With gasoline prices on the sky-high again, many drivers are turning to green cars with high mileage to solve their commuting woes.
Unlike when oil reached its all-time highs during the recession of 2008, today’s green - car market has more options with better fuel efficiency. The editors of Kelley Blue Book’s KBB.com,the website of the country’s largest automotive valuation company, highlight the wide range of options available and the trend both towards hybrid, electric and “high-efficiency gasoline powered-vehicles.” Since these vehicles cost less than hybrids and electrics, KBB.com expects them to sell well with the price of gas now around $4 a gallon.
To help consumers understand the best options in the current market for green cars, KBB.com recently unveiled its 2011 “Green Car List”, which ranks cars by their MPG or MPG-equivalent, along with other characteristics that make the cars good to own.
So, what are the top green cars this year? Click ahead to find out!
By Paul Toscano
Posted 15 April 2011
Gas mileage: 31 mpg (28 city/38 highway)
The 2012 Ford Focus makes it on the list because of its mpressive fuel economy, excellent handling and well-outfitted interior, European styling and the availability of features like Ford’s Sync entertainment and communications system. There is also an option to equip the Focus with Ford’s auto-park feature, says KBB.com.
Gas mileage: 33 mpg (30 city/38 highway)
Returning to the US market after a 27-year hiatus, Fiat vehicles are expected by KBB.com to offer a much better driving experience. The editors point out that the car is smaller and less powerful than a Mini Cooper but offers more personality than a Toyota Yaris. “The Fiat 500 offers a new combination of European heritage and sub-compact practicality,” they say.
Gas mileage: 33 mpg (29 city, 40 highway)
“There are now a few non-hybrid compact cars that deliver highway fuel economy of at least 40 miles per gallon, but the 2011 Hyundai Elantra is the only one that does so in every trim,” says KBB.com. “In addition to the impressive efficiency, we’re fans of the all-new Elantra’s bold sheet metal, stylish interior and attractive list of standard and optional features."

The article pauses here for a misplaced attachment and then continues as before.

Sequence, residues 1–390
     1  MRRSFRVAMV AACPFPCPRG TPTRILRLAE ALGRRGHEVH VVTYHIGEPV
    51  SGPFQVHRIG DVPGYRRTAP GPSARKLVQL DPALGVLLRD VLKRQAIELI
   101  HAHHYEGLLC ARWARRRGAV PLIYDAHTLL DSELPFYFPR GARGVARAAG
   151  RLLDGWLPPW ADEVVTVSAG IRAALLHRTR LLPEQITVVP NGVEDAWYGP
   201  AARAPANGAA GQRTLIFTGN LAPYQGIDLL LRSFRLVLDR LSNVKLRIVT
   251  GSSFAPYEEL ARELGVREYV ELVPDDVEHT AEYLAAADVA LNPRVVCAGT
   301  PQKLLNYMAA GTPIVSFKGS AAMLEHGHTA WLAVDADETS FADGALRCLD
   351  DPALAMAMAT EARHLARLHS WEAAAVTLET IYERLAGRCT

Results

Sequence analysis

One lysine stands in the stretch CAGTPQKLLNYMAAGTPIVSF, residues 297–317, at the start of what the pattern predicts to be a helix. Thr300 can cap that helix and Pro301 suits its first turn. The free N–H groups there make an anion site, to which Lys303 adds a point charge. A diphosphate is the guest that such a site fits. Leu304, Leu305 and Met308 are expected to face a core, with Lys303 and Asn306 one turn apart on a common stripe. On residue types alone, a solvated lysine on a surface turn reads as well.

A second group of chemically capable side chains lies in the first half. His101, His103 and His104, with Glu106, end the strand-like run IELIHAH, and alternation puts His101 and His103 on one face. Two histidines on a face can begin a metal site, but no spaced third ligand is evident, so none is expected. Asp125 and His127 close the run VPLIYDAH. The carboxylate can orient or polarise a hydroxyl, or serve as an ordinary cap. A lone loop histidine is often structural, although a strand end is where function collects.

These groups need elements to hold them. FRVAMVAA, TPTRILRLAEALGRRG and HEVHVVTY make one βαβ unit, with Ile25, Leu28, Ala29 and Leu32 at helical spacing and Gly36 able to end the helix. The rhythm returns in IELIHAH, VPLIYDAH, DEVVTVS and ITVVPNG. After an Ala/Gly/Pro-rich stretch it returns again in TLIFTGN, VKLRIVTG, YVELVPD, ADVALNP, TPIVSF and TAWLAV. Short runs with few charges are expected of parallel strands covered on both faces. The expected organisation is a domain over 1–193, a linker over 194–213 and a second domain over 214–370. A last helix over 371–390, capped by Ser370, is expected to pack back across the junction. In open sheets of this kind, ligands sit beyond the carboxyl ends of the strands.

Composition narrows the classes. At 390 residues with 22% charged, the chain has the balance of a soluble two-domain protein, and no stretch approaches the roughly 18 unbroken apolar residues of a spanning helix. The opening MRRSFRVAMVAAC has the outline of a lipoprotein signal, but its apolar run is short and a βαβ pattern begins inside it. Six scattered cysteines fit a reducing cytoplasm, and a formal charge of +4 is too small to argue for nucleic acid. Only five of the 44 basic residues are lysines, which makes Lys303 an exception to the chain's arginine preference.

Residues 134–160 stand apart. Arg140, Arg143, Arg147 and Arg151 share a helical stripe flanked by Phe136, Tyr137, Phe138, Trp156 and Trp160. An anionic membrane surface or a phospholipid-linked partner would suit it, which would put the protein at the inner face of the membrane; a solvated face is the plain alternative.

Gas mileage: 34 mpg (30 city/42 highway)
KBB.com editors have been long-time fans of the VW Golf for its “European driving feel, hatchback utility and interior quality that outclasses anything else in its class.” They say that with the automaker’s 2.0-liter , turbo-diesel engine, it retains great acceleration but also offers an estimated 42 highway miles per gallon
Gas mileage: 39 mpg (41 city/36 highway)
The Ford Fusion makes the list because of its EPA-estimated fuel economy of 39 mpg. “In addition to its outstanding fuel economy, we also like that it delivers the driving dynamics and comfort that make the conventional Fusion so endearing, including SYNC and navigation, with the addition of a really cool LCD gauge cluster,” says KBB.com.
Gas mileage: 41 mpg (40 city/43 highway)
Calling it “the most affordable hybrid on the market,” KBB.com notes the Honda Insight costs some $1,000 less than last year’s model, with a maximum price of $24,000 with additional features. “Above all else,” say the editors , “the Insight’s 41-mpg combined fuel economy rating qualifies it is as the third most fuel-efficient hybrid on the road.”
Gas mileage: 42 mpg (43 city, 40 highway)
KBB.com describes the 2011 Lexus CT 200h as a “sporty, little premium hatchback.”
“It’s only as quick as a Toyota Prius, but it’s otherwise responsive and athletic. Put it in Sport mode and you may just forget you’re driving a hybrid as you navigate twisting back roads in the newest and most affordable Lexus,” says KBB.com.
Gas mileage: 50 mpg (51 city, 48 highway)
Described by KBB.com as “The original hybrid for the masses,” the Toyota Prius is still the segment’s “heavyweight” when it comes to miles per gallon.
“Whereas some efficiency-focused cars require an adjustment in driving habits to wring the most out of the vehicle’s fuel-saving technologies, the Prius allows you to drive as you normally would and still see mpg returns that you can brag about during your semi-regular visits to the gas station,” they say.
Gas mileage: 93 mpg equivalent
According to the specs for the car, the first 35 miles of a drive is powered by an electric motor. After the electric reserves are exhausted, the car’s gas engine extends the range for 379 miles.
“Some argue the all-electric Nissan Leaf is greener,” KBB.com points out, “Volt fans point to their car’s superior range. We can recommend both, depending on the needs and desires of the buyer. As a bonus, the Volt looks like a tasteful vision of the future – inside and out – and is one of the most fun electrically driven cars we’ve driven so far.”
Gas mileage: 99 mpg equivalent
“With a groundbreaking combination of range, room and price, the Nissan Leaf is the first all-electric car for the masses,” says KBB.com. “The EPA says the Leaf will deliver 73 miles per charge and the equivalent of 99 miles per gallon. But that’s not the only thing green about the Leaf: recycled materials made from home appliances, old car parts and plastic bottles are used extensively throughout the vehicle.” KBB adds, however, that "the limited range disqualifies the Leaf as an option for some drivers, but for those who can swing it, the Nissan Leaf is the real deal,”